July 9, 1997

Robbins Analysis of House Tax Bill Distribution
Omits Most Tax Cuts That Benefit Higher-income Taxpayers

by Iris J. Lav


A recent report by Gary and Aldona Robbins of the Texas-based Institute for Policy Innovation claims that over 75 percent of the individual tax cuts in the House tax bill would go to taxpayers with less than $75,000 in adjusted gross income. Taxpayers with $200,000 or more in income, according to the Robbins report, would receive only 1.2 percent of the individual income tax cuts.

To reach these conclusions, the Robbins report uses a timeframe and a calculation that results in the omission of most tax cuts that benefit higher-income taxpayers. The benefits of the capital gains and estate tax cuts, the new Individual Retirement Account, and the corporate tax breaks that by 2007 make up half of the cost of the House tax bill are not distributed, either because a provision is explicitly omitted from the Robbins analysis or because the provision has no cost in the timeframe the Robbins report considered. Counting primarily provisions such as the child tax credit and some of the education initiatives that provide a substantial proportion of their benefits to middle-income taxpayers, the Robbins analysis not surprisingly concludes that middle-income taxpayers would benefit the most.

The Robbins report distorts the distribution of benefits that will result from the House tax bill for the following reasons:

If the analysis had looked at the single year of 2007 instead of 2002, the revenue loss from the capital gains and IRA provisions would be far from nonexistent. These provisions cost more than $19 billion in 2007, according to the Joint Tax Committee revenue tables.

Most of the benefits of this $19 billion in capital gains and IRA tax cuts in 2007 would accrue to the very high-income taxpayers the Robbins report claims derive little benefit from the tax bill. A recent CBO study found that 75 percent of all capital gains income in any year is received by families with incomes exceeding $100,000 and more than three-fifths of all capital gains income is received by families with incomes exceeding $200,000. The taxpayers with the bulk of the capital gains income will be those who benefit most from the generous capital gains tax reductions included in the House bill.(4)

The benefits of IRA expansions also are skewed toward higher-income taxpayers. A Joint Tax Committee analysis conducted several years ago of the distributional consequences of a 1990 proposal to expand IRA eligibility in a manner similar to the provisions of the House and Senate bills found that 95 percent of the benefits from such a provision would accrue to the top 20 percent of households. The richest 4.5 percent of taxpayers would collect nearly one-third of the new tax benefits. This analysis was cited in a 1991 House Budget Committee Republican Staff Report that refuted the claim that middle-income Americans would be the principal beneficiaries of an expansion of IRAs.(5)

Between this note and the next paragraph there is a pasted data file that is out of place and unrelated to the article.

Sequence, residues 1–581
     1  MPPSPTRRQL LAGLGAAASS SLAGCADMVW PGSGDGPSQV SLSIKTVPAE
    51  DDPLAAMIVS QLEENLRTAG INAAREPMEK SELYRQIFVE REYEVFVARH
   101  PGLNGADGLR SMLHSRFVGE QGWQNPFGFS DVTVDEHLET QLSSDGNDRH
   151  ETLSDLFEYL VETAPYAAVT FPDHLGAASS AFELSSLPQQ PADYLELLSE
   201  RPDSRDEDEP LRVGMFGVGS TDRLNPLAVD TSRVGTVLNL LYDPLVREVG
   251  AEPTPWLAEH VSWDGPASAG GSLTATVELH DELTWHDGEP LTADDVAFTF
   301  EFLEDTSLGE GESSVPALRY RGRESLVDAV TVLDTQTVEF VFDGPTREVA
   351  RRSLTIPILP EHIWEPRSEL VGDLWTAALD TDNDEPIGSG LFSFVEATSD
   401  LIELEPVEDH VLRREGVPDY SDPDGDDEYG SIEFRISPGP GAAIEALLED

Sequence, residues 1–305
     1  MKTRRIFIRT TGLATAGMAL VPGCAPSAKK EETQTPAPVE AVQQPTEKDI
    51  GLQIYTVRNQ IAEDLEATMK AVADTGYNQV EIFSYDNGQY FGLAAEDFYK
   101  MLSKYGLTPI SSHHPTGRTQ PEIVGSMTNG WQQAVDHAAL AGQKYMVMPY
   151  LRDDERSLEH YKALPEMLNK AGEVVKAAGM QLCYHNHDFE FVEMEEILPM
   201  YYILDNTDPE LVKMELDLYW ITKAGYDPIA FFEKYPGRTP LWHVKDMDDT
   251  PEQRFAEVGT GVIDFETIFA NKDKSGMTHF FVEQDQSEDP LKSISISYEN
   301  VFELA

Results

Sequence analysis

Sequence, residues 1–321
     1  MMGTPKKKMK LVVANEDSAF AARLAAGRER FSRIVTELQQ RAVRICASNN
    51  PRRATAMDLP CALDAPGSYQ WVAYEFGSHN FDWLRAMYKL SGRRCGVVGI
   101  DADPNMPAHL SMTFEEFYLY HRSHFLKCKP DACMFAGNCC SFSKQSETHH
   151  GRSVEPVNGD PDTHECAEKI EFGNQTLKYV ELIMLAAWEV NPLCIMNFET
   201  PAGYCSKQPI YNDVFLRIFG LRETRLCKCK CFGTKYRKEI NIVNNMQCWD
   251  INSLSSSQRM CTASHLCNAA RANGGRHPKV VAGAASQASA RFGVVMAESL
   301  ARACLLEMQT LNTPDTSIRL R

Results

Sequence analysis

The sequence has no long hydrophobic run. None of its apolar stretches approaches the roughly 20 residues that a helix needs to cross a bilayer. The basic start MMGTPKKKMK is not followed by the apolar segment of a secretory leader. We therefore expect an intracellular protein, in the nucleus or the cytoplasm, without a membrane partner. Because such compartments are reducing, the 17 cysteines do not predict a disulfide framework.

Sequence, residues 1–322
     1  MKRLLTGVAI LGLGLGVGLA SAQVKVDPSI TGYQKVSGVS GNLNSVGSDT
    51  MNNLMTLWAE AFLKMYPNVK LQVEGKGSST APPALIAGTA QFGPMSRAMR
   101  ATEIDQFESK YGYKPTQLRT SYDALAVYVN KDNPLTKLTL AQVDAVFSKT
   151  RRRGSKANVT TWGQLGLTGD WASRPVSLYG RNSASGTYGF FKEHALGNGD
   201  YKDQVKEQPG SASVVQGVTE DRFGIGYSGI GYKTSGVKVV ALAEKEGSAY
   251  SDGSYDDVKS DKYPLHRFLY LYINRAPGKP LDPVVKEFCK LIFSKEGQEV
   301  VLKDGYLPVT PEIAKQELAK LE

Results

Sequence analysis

If the Robbins analysis had been extended to corporate tax cuts and estate tax reductions, the benefit to higher-income taxpayers would have been still more marked. In 2007, the capital gains, IRA, estate, and corporate tax cuts together reach an annual cost of nearly $27 billion. These tax reductions make up half of the gross tax cut in that year.

Moreover, most of the tax cuts primarily benefiting higher-income taxpayers are growing rapidly in 2007 and would continue to grow in cost — and to increase as a proportion of the total tax bill — in years beyond 2007. If the analysis had moved beyond 2007 to consider the fully effective tax provisions, an ever greater proportion would be seen going to higher-income taxpayer.

The Treasury Department analysis, which looks at the provisions when they would be fully effective and considers all of the major tax cut provisions other than the estate tax reduction, produces very different findings than the Robbins report. The Treasury analysis, using a methodology that is highly regarded by most economists and was also used by the Treasury Departments under Presidents Reagan and Bush, finds that nearly two-fifths of the benefits of the House tax bill would accrue to the one percent of families with the highest incomes. This is nearly 1½ times the benefit the Treasury finds would be shared by the bottom 60 percent of the population.

In its analysis, the Congressional Research Service supports the Treasury analysis. Using measures "more consistent with conventional economic analysis," the Treasury estimates indicate that "by any distributional measure, the tax cuts favor higher income individuals in the House and Senate bills, with the effects more pronounced in the House bill."(6)

End Notes

1. Jane G. Gravelle, Distributional Effects of the Proposed Tax Cut, Congressional Research Service, July 2, 1997, p. 3. Gravelle is CRS' leading expert on these aspects of federal tax policy and is recognized nationally for her tax analysis work.

2. CRS, p. 4.

3. CRS, p. 3. The Joint Committee on Taxation historically has distributed the benefits of corporate tax cuts across owners of corporate capital. In analyzing the tax bills currently under consideration, however, the JCT has omitted corporate tax changes from its analysis.

4. Congressional Budget Office, Perspectives on the Ownership of Capital Assets and the Realization of Capital Gains, May 1997.

5. House Committee on the Budget, Republican Staff Report, November 22, 1991.

6. CRS, p. 6.